Hub of potential

Despite increasing competition, Saudi Arabia's telecoms market holds enormous potential for fixed and mobile operators, with low broadband penetration spurring a new wave of investment

Tags: Delta PartnersEtisalat International - UAELTEMotorola IncorporationSaudi ArabiaSaudi Telecom CompanyZain - Kuwait
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Hub of potential MEMBRILLERA: Demand for broadband is a key driver of growth.
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By  Roger Field Published  June 6, 2009 Communications Middle East & Africa Logo

Saudi Arabia's telecoms sector has made huge strides in recent years, moving from a monopoly in 2005 to become one of the region's more competitive markets just four years later.

With the country having added two mobile operators, Mobily and Zain Saudi Arabia to compete with incumbent STC, combined with the recent introduction of three licences for fixed operators, Saudi Arabia's telecoms sector is on course to become one of the region's most competitive markets.

While mobile services appear to have commanded the greatest attention in the past couple of years with Etsialat and Zain entering the fray, most industry insiders are now turning their attention to the country's pent up demand for data as the next frontier in the market.

With mobile penetration estimated to be in excess of 120%, mobile operators are increasingly looking at 3G and mobile data as being key growth areas, while keeping a close eye on developments in the fixed sector, where three companies are investing millions of dollars developing fixed wireless and fibre networks in the country.

While the mobile sector is saturated, broadband penetration lags behind most of the developed world at about 4%, compared with overall internet penetration of about 22%, according to March 2008 figures from the ITU. Meanwhile fixed-line voice penetration is also in decline, presenting an ideal opportunity for the country's new fixed licence holders to develop converged voice and data services.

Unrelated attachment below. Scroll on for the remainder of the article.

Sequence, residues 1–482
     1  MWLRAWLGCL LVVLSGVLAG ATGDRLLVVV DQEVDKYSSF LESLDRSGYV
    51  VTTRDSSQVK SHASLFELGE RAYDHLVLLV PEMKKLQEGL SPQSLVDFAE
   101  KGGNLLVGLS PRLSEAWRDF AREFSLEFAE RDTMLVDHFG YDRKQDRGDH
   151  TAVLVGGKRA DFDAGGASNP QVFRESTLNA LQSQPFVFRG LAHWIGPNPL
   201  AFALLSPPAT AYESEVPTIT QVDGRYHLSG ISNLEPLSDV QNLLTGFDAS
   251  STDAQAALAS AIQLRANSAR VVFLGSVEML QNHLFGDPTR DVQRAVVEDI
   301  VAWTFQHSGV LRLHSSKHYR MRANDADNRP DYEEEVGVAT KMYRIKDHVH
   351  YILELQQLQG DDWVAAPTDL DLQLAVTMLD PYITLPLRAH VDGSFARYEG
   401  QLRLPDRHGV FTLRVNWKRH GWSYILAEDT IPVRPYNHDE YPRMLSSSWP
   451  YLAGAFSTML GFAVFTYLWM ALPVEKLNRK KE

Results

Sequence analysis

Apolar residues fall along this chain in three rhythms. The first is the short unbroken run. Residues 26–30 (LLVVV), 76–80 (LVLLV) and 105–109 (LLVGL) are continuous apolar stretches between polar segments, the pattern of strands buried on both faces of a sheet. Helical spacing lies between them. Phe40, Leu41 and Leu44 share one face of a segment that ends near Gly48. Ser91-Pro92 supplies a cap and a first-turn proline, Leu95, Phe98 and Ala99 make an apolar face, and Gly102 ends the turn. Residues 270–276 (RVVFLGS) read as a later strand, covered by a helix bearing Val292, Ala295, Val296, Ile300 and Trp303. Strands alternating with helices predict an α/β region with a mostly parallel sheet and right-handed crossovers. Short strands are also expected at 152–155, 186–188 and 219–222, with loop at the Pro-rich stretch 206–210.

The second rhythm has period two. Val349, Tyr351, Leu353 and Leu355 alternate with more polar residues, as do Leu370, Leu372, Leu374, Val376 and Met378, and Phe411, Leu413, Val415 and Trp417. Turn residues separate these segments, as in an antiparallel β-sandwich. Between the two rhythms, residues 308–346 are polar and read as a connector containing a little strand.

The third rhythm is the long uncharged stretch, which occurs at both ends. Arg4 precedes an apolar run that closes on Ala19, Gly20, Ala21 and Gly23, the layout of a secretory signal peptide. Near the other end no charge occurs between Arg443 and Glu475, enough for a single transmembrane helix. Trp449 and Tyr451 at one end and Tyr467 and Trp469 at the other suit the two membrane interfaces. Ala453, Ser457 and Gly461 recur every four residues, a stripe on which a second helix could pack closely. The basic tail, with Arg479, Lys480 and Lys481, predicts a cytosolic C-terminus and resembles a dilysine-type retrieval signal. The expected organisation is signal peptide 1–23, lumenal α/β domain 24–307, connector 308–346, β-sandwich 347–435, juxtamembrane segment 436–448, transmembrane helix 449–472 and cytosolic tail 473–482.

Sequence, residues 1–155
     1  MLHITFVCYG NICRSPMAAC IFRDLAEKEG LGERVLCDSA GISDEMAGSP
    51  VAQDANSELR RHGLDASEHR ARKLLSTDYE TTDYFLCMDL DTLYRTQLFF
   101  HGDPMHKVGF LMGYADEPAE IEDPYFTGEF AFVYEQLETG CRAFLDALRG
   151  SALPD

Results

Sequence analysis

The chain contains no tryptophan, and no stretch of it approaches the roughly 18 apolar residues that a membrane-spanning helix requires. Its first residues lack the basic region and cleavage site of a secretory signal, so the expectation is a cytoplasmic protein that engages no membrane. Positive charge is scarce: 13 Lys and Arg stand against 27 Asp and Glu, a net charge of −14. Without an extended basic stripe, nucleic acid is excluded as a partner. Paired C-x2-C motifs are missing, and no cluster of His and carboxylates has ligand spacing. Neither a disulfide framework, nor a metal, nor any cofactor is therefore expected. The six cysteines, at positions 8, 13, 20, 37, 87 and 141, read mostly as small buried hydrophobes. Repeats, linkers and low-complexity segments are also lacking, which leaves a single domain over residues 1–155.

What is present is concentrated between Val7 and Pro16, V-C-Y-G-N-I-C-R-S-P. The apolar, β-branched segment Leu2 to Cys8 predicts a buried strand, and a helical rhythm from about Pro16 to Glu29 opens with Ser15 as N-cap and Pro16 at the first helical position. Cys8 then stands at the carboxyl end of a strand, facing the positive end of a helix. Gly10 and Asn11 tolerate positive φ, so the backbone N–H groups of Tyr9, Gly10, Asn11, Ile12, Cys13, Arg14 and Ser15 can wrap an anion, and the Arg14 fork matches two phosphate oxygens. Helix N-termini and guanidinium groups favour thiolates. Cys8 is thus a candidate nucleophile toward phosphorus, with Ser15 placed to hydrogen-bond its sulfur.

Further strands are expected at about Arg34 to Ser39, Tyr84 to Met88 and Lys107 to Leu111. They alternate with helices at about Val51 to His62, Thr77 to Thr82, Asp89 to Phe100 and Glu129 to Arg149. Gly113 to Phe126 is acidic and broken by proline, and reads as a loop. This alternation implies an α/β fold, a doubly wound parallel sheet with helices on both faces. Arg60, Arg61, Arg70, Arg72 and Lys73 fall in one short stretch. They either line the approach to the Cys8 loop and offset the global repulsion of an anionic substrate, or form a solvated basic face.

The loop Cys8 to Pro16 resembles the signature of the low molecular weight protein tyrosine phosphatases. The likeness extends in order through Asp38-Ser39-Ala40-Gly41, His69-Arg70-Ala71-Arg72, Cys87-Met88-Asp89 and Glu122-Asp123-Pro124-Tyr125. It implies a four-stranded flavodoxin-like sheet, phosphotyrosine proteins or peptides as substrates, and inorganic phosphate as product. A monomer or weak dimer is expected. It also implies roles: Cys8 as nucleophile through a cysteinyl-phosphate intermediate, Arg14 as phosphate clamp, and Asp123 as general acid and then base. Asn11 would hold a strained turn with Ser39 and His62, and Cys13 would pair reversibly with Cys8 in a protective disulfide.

Atheeb Telecom, PCCW and Verizon all secured fixed licenses in 2007. Atheeb Telecom became the first of the licence holders to start operations with limited WiMAX coverage to be expanded to the rest of the country through the course of 2009. The company's CEO, Dr. Ahmed Sindi says he sees huge potential for the company's offering of fixed voice combined with "portable" data services.

Atheeb Telecom's rivals, PCCW, which is expected to roll out a network using WiMAX technology, and Verizon, which is planning to deploy a fibre network in 2010, have been less vocal about their plans.

Milan Sallaba, partner, Oliver Wyman, sees most potential in Saudi Arabia coming from data. "The main opportunities today in the Saudi market appear to centre around broadband potential and growth opportunities that a young population with latent demand provides," he says.

"With new licenses being awarded in the fixed sector, a key opportunity in the Kingdom lies in broadband. The three recent fixed-line licensees plan to significantly shake up the market and they are expected to differentiate their offerings."

Sallaba added that the two WiMAX licences could help to "substantially boost" growth of broadband connections in the country owing to improved coverage and broadband speeds.